The writers conference in Jackson Hole is in full swing, and as usual, there are interesting things going on. Both in sessions and panels, and out and about. So here are few I’ve gleaned so far.
1) Margaret Coel and her husband George are here, having had to “pre-evacuate” their home in Boulder due to fire danger. All seems well in that department at the mo. Margaret told me she wants to retire from writing! Shocking, I told her: can’t you keep writing until you’re in the grave?! John Harvey told me the same thing when I had lunch with him in London a few weeks back. Thankfully Margaret also said she had signed contracts for two more books, plus a short story collection. So never fear a lack of Margaret’s wonderful Wyoming mysteries.
2) Brandon Mull, author of YA fantasies and other stuff I am just becoming aware of (so out of that realm!!), has a lovely tribe of kids — but he is not the guy who went on the wine walk with us yesterday. For some reason I mixed him up with somebody else. Sorry!
3) Craig Johnson’s Longmire series on A&E has been picked up for another season after only 4 episodes. Way to go!
4) Tim Sandlin had everything in such great control he had no idea what to do with himself. But his luscious locks still flew around as he kept all the plates in the air.
5) Wednesday is Night Rodeo night in JH. And a bit loud for those of us in Cowboy Village. But, hey, don’t you wish you were ensconced in a wee log cabin in Jackson Hole during these dog days of summer? PS: They have air conditioning!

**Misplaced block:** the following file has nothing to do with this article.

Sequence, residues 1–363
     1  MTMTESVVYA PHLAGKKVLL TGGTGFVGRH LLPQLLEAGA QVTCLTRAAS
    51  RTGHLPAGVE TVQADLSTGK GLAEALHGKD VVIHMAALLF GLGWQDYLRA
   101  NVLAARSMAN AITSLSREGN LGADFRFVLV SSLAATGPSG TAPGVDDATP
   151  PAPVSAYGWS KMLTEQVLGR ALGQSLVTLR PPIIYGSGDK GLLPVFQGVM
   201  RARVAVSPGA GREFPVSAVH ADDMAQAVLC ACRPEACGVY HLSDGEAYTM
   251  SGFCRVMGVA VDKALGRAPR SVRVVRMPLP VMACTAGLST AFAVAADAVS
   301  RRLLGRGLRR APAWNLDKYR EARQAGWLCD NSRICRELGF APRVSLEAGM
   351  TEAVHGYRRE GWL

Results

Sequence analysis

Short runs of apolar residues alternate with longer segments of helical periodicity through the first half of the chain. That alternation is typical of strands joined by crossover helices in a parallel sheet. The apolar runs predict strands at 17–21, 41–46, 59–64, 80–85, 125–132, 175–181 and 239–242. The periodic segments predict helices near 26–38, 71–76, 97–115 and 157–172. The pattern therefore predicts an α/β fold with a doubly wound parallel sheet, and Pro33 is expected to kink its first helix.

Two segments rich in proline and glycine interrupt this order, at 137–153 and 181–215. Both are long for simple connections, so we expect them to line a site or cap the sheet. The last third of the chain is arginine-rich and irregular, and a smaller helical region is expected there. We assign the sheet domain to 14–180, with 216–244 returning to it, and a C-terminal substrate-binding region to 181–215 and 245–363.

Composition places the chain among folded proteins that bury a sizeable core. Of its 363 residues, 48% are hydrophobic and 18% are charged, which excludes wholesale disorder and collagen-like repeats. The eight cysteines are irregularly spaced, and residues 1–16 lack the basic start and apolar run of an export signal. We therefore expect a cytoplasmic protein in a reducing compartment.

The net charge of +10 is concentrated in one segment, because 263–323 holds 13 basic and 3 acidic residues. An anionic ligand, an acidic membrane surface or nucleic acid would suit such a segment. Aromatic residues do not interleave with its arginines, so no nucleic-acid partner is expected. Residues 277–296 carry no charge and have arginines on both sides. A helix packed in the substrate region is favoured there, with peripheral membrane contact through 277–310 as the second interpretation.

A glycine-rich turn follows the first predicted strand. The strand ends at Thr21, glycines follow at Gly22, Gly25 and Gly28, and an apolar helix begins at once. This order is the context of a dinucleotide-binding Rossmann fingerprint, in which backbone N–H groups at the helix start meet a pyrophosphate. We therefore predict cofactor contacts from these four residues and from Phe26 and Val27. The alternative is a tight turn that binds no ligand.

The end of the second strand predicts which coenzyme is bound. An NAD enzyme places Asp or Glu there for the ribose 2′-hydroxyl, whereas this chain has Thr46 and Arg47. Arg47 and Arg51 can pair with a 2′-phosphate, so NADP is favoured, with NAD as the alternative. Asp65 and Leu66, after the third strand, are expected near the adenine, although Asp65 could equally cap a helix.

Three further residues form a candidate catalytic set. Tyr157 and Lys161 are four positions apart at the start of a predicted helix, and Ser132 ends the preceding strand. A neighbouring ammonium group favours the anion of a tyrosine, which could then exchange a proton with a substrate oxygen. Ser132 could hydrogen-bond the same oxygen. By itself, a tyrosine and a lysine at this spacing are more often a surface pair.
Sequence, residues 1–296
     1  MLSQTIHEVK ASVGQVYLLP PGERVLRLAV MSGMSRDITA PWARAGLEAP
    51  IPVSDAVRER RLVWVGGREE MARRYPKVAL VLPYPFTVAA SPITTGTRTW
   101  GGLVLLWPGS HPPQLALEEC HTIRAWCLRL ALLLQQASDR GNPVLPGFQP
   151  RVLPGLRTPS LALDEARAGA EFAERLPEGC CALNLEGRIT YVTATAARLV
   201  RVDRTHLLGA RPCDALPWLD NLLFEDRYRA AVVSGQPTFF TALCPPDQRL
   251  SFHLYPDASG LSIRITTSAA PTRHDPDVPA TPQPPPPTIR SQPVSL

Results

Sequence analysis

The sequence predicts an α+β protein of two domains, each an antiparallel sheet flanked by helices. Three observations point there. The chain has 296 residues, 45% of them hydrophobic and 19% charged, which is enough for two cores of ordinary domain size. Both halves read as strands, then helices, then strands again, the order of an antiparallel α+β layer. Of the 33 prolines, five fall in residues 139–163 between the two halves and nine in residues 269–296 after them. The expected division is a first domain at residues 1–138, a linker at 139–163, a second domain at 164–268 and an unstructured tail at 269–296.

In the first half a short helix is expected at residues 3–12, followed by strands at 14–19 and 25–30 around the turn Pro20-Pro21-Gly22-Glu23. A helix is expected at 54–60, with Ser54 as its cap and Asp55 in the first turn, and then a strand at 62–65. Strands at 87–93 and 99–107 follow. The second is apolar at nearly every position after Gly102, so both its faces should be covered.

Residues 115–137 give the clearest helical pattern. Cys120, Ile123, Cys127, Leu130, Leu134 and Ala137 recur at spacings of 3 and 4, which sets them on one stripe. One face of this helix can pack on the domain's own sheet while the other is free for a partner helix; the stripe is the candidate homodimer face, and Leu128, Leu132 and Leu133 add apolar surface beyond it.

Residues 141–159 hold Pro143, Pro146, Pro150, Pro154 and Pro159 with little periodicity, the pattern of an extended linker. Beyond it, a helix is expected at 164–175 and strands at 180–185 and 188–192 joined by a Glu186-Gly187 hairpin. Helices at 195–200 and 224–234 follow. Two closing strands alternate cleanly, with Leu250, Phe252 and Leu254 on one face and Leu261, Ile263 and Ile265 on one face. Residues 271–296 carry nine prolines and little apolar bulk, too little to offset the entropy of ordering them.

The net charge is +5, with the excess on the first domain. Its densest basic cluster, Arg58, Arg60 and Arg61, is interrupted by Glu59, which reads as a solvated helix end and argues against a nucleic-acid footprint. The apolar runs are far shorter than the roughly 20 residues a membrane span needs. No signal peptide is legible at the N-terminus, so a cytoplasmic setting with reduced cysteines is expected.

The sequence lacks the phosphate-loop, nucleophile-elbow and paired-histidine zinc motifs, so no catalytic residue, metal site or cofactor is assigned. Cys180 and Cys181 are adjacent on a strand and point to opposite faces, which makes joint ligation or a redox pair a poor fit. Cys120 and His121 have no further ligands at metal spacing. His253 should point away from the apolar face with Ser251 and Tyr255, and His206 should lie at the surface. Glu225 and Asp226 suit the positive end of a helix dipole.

6) They shortened up the conference a little, made it tighter, leaner, and — well, not meaner. We have fired everyone who made people cry at critique sessions. Except maybe that one guy. You know who you are.
7) Amazing young writers here! Debby and I had two 21-year-olds at our novel writing workshop. Both had been writing for *years.* Go Zane and Kiefer! Also the Sandlin’s adorable Leila, now 11, attended the conference. Oh, to be so young and so committed!
8) After a low-ish turnout last year, the attendance is up again. Since doing a panel on Digital Publishing with Jeremy Schmidt, I have a feeling this increase is due to the many new avenues and options for writers today. Independent publishing is a viable alternative, without the negative connotations of the past. Especially true for older writers who don’t want to wait years for publication.
9) In the It’s Always Something Department, a woman is here shopping her memoir idea. She is blind, has borne 12 children, and is (or was at the time, according to her) the oldest woman in America to have born a child at 63. And has a devoted husband at her side constantly. Keep a look-out for that memoir.
10) Last but not least, the Anita Diamant mystery is solved. Anita is here, author of The Red Tent, very personable and friendly. So I asked her “Isn’t there another Anita Diamant?” Because my very first agent in about 1990 was named Anita Diamant. At the time I worked with an assistant and never met anyone from the agency, but heard that Anita was “older than God.” Turns out the author of The Red Tent is completely unrelated to the now-deceased agent. But the older Anita sent the younger one a letter once and asked in an agitated fashion why younger was using her name. Younger Anita apparently explained — it’s her real name — and never heard another word. Well, that mystery is solved and I feel so much better now.
A shout-out to Redroom.com for featuring our workshop, Truly Richly Deeply: Structure and Depth in the Novel, on it’s front page on Wednesday! It went very well, was full, and we got lots of great feedback. Thanks all (and especially Deborah Turrell Atkinson, my fellow conspirator.)